Emily Sun is an Associate Professor in Comparative Literature and Translation Studies. She came to Barnard in 2015 from National Tsing Hua University in Taiwan, where she was Associate Professor in Foreign Languages and Literature and where she founded and directed the Center for Comparative Literature. After growing up in California, Singapore, and Taiwan, Professor Sun received her B.A. in English and German from Amherst College and her Ph.D. in comparative literature from Yale University. Her research interests include British and continental European Romantic and nineteenth-century literature, cross-cultural literary relations between China and the West, literary theory, politics and aesthetics, and psychoanalysis and literature. At Barnard, she regularly teaches courses required for the major in Comparative Literature and Translation Studies, including “Introduction to Comparative Literature,” “Topics in Comparative Literature,” and the “Senior Seminar in Comparative Literature”; as well as electives such as “Stories and Storytelling: An Introduction to Narrative,” the “Advanced Workshop in Translation,” and “Languages of Loss: The Poetry of Mourning.” She has advised senior theses on a range of topics and looks forward to mentoring future students in developing original and creative work in comparative literature and translation studies.
Professor Sun is the author of On the Horizon of World Literature: Forms of Modernity in Romantic England and Republican China (Fordham UP, 2021) and Succeeding King Lear: Literature, Exposure, and the Possibility of Politics (Fordham UP, 2010). She is co-editor, with Eyal Peretz and Ulrich Baer, of The Claims of Literature: A Shoshana Felman Reader (Fordham UP, 2007) and, with Emily Rohrbach, of “Reading Keats, Thinking Politics,” a special issue of Studies in Romanticism (2011). She has published articles, translations, and reviews in Studies in Romanticism, the European Romantic Review, the Yearbook of Comparative Literature, and the Journal of the History of Ideas in East Asia, among other journals.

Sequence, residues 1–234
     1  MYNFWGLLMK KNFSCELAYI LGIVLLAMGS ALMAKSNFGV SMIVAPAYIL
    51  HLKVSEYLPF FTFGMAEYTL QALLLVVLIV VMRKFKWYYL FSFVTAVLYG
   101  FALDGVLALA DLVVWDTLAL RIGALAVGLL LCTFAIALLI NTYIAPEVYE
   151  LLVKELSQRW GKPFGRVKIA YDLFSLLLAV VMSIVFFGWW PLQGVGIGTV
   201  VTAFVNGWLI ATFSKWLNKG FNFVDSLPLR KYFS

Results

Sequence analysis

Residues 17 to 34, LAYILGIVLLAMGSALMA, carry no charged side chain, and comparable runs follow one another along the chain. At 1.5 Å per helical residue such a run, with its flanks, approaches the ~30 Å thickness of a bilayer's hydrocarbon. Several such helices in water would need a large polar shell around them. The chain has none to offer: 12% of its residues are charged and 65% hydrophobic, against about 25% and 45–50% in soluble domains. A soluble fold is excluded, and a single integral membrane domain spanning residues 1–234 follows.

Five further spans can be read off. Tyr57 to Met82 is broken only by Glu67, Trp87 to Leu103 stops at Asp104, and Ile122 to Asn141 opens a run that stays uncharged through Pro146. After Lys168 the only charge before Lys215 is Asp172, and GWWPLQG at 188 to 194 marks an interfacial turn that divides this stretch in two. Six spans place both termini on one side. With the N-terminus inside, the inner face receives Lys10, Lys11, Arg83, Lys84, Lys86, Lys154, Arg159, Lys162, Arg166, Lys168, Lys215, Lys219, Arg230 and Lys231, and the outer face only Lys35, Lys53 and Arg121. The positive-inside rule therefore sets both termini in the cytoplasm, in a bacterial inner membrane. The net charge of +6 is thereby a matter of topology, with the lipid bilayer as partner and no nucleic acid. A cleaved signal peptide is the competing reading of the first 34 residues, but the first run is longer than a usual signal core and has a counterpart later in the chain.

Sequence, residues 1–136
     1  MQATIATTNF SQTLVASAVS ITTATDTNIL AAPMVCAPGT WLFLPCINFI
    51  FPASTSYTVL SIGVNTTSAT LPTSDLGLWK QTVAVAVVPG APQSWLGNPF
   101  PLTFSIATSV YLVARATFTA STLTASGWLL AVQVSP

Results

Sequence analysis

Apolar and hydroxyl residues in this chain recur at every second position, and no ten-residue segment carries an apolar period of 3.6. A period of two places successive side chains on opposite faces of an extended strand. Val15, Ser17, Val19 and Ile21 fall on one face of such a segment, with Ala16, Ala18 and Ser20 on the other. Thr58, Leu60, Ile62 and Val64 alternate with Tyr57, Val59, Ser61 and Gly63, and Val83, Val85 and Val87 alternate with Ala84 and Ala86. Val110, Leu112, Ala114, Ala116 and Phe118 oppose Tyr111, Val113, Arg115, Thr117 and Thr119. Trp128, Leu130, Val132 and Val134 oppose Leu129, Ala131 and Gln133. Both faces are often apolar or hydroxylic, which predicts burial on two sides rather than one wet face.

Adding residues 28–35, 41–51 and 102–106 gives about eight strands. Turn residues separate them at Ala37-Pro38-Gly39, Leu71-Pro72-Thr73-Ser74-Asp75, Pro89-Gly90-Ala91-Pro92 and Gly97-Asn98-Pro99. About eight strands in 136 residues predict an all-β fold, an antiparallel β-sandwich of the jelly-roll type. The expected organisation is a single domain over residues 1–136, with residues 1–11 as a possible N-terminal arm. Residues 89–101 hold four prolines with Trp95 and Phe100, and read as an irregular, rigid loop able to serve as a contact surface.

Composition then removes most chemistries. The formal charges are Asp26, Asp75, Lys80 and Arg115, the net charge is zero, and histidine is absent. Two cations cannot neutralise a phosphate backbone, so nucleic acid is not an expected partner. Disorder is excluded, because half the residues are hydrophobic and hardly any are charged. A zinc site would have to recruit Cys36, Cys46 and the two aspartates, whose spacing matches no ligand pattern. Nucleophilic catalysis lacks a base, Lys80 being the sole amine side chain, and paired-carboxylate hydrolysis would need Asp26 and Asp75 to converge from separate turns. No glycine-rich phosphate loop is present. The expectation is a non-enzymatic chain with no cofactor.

- B.A., Amherst College, English and German, 1993
- Ph.D., Yale University, Comparative Literature, 2003
On the Horizon of World Literature: Forms of Modernity in Romantic England and Republican China (Fordham University Press, 2021) https://www.fordhampress.com/9780823294794/on-the-horizon-of-world-literature/
Succeeding King Lear: Literature, Exposure, and the Possibility of Politics (New York: Fordham University Press, 2010; paper 2012) https://www.fordhampress.com/9780823232802/succeeding-king-lear/
Eds., Emily Sun, Eyal Peretz, and Ulrich Baer, The Claims of Literature: A Shoshana Felman Reader (New York: Fordham University Press, 2007) https://www.fordhampress.com/9780823227136/the-claims-of-literature/
Edited Journal Issue
Eds., Emily Rohrbach and Emily Sun, Reading Keats, Thinking Politics. Studies in Romanticism 50.2 (2011) https://www.jstor.org/stable/i23056033
Selected Recent Articles and Book Chapters
"Reverberations: Traumatic Histories, Cultural Difference, and the Drama of Listening in Eileen Chang's Yuannü and The Rouge of the North." Reading Catastrophe: Trauma and Literature in an Age of Globalization. Eds. Jennifer Ballengee and David Kelman (forthcoming with Routledge).
"Shelley's Voice: Poetry, Internationalism, and Solidarity." European Romantic Review 30.2 (2019): 239-247.
"Shakespearean Retellings and the Question of the Common Reader: Charles and Mary Lamb's Tales from Shakespeare and Lin Shu's Yinbian Yanyu." Journal of the History of Ideas in East Asia 13 (December 2017): 92-132
"Dissensus in Two Registers: Tintern Abbey in Taiwan." Teaching Romanticism and Literary Theory. Ed. Brian McGrath. Romantic Pedagogy Commons (online). July 2016.
"Your Friends and Lovers: Perfectionism's Recounting of Romanticism." Stanley Cavell and the Event of Romanticism. Ed. Eric Lindstrom. Romantic Circles Praxis Series (online). July 2014.